BreckCreate hosts Creativity Crawl, grand opening of Old Masonic Hall
Creativity Crawl participants
• Art on a Whim, 100 N. Main St., Unit 108
• Arts Alive, 500 S. Main St., Unit 2N
• Breckenridge Gallery, 124 S. Main St.
• Blue River Fine Art Gallery, 411 S. Main St., Unit 17
• Flourish, 226 S. Main St.
• Gary Soles Gallery (The Photo Shop), 300 S. Main St.
• Breckenridge Art Supply, 201 S. Ridge St.
• Cowboys & Daisies, 224 S. Main St., Unit 19 (upstairs)
• French Kiss, 226 S. Main St.
• Global Candle Gallery, 326 S. Main St.
• JK Studio, 100 S. Main St., second floor
• Magical Scraps Boutique & Studio, 310 S. Main St.
• Marigolds Farmhouse Funk and Junk, 215 S. Main St.
• Old Man Berkins, 326 S. Main St., Unit E
• Ready Paint Fire, 323 N. Main St.
• Ruby Jane, 232 S. Main St.
• Wandering Daisy, 326 S. Main St., Unit B
• Young Colors, 226 S. Main St.
• Blue River Bistro, 305 N Main St.
• Briar Rose Chophouse and Saloon, 109 Lincoln Ave.
• Breckenridge Brewery, 600 S. Main St.
• Hearthstone Restaurant, 130 S. Ridge St.
• Bubba Gump Shrimp Co., 231 S. Main St.
• Mi Casa Mexican Restaurant and Cantina, 600 S. Park Ave.
• Park & Main Quality Food, 500 S. Main St.
• The Crown Cafe and Tavern, 215 S. Main St.
• The Lodge at Breckenridge, 112 Overlook Dr.
On Saturday, June 13, from 6 to 9 p.m., Breckenridge Creative Arts will host a Creativity Crawl highlighted by the grand opening of Old Masonic Hall, the newly renovated historic building on the north corner of Main Street and Washington Avenue.
The Breckenridge Arts District studios will be animated, with local and regional artists demonstrating their unique skills and craftsmanship. Annie Kerr, with Wild Balance jewelry, will have a station in Old Masonic Hall, where she will be demonstrating the techniques she uses to create her handcrafted earrings, bracelets and necklaces.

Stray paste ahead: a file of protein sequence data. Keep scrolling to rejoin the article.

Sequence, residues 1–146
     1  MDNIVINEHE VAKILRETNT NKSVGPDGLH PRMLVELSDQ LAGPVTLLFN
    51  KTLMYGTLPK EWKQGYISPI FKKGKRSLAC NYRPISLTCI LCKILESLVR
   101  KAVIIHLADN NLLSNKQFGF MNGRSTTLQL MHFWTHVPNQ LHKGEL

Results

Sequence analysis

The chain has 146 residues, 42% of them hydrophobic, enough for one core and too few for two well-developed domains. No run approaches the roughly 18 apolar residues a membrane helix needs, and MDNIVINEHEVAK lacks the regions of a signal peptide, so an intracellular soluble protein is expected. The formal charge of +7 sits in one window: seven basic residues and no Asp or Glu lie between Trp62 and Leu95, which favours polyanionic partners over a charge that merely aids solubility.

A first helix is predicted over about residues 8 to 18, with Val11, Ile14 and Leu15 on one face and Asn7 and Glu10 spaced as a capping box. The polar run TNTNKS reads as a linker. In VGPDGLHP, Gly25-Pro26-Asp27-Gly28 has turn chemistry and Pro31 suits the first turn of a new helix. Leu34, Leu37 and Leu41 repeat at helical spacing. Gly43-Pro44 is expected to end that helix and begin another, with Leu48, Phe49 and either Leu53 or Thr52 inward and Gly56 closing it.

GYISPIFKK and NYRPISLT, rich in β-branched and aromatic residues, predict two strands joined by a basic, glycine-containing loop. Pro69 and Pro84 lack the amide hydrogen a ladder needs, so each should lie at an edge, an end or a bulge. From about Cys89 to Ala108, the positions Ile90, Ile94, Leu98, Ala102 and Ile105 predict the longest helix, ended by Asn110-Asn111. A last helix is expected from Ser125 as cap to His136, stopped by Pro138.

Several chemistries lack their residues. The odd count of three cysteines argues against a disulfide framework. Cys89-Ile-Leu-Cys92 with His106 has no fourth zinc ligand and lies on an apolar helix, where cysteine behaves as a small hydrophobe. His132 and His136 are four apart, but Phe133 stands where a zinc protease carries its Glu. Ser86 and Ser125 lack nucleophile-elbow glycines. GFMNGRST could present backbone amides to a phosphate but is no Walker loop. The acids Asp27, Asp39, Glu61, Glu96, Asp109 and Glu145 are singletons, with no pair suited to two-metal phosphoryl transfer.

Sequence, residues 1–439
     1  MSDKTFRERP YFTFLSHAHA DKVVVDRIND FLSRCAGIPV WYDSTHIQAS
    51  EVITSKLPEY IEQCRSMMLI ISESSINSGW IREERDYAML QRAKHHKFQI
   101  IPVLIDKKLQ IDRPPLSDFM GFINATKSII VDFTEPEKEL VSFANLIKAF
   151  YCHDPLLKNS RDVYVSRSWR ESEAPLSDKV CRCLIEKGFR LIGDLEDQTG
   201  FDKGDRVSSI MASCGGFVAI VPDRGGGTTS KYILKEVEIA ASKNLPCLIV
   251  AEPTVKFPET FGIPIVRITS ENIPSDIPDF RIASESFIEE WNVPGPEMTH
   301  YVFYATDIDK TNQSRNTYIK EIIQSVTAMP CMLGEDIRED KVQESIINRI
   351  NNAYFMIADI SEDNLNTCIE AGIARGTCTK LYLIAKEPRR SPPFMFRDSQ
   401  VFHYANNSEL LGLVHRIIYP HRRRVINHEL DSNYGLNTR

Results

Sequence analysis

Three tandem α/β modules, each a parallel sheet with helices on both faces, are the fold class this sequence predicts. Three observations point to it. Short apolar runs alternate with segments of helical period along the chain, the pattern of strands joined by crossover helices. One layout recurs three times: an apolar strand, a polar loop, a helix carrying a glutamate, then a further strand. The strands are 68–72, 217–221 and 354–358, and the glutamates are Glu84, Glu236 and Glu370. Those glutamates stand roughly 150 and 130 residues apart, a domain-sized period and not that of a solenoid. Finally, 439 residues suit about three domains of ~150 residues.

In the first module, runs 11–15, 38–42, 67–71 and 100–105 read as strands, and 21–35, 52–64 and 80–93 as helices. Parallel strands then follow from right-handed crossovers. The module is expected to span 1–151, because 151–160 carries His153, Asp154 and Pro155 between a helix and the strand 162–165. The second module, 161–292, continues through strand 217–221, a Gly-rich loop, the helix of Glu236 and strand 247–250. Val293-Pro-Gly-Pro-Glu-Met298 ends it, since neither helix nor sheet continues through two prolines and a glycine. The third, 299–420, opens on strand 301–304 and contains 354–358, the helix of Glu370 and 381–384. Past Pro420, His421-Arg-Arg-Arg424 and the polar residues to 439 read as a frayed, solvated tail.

“I use semiprecious stones, antiqued metals, sterling silver and 14-karat gold. They are all hand crafted, and generally, especially with the necklaces, I put a little asymmetrical flair on all of them. All of them are lightweight enough for the active High Country lifestyle.”
Other featured artists include Bernadette Foley with Breckenridge Candle Cabin, Erica Ragusa with Ambika Herbals and Therapy, and West Palm Beach, Florida, ceramic artists Ronald Shaw and Jeni Licata, who are in residence at the Robert Whyte House in the Breckenridge Arts District through Sunday, June 21.
Attendees are encouraged to start their art-hop at Old Masonic Hall, where a downtown map will be available, featuring participating galleries, restaurants and specialty shops. There also will be music provided by DJ Chris Diabolo, craft beverages from the Breckenridge Brewery and a whimsical art installation titled “Transitions” by Colorado artist Jennifer Ghormley.
Old Masonic Hall
Most recently known as Abby Hall, Old Masonic Hall was originally owned by Dr. B.A. “Braz” Arbogast and was used as a grocery store and a doctor’s office. A local Masonic Lodge purchased the building in 1905 for $800. A century later, locals John and Wendy Cooney bought it, and it was being used as a church when the town of Breckenridge purchased it in 2013.